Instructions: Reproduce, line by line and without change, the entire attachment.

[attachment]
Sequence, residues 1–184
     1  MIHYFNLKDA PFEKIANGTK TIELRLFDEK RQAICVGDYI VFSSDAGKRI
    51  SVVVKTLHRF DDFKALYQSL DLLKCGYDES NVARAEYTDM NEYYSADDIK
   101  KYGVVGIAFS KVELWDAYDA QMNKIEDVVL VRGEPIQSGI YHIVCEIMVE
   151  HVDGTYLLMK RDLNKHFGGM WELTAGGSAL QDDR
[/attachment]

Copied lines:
Sequence, residues 1–184
     1  MIHYFNLKDA PFEKIANGTK TIELRLFDEK RQAICVGDYI VFSSDAGKRI
    51  SVVVKTLHRF DDFKALYQSL DLLKCGYDES NVARAEYTDM NEYYSADDIK
   101  KYGVVGIAFS KVELWDAYDA QMNKIEDVVL VRGEPIQSGI YHIVCEIMVE
   151  HVDGTYLLMK RDLNKHFGGM WELTAGGSAL QDDR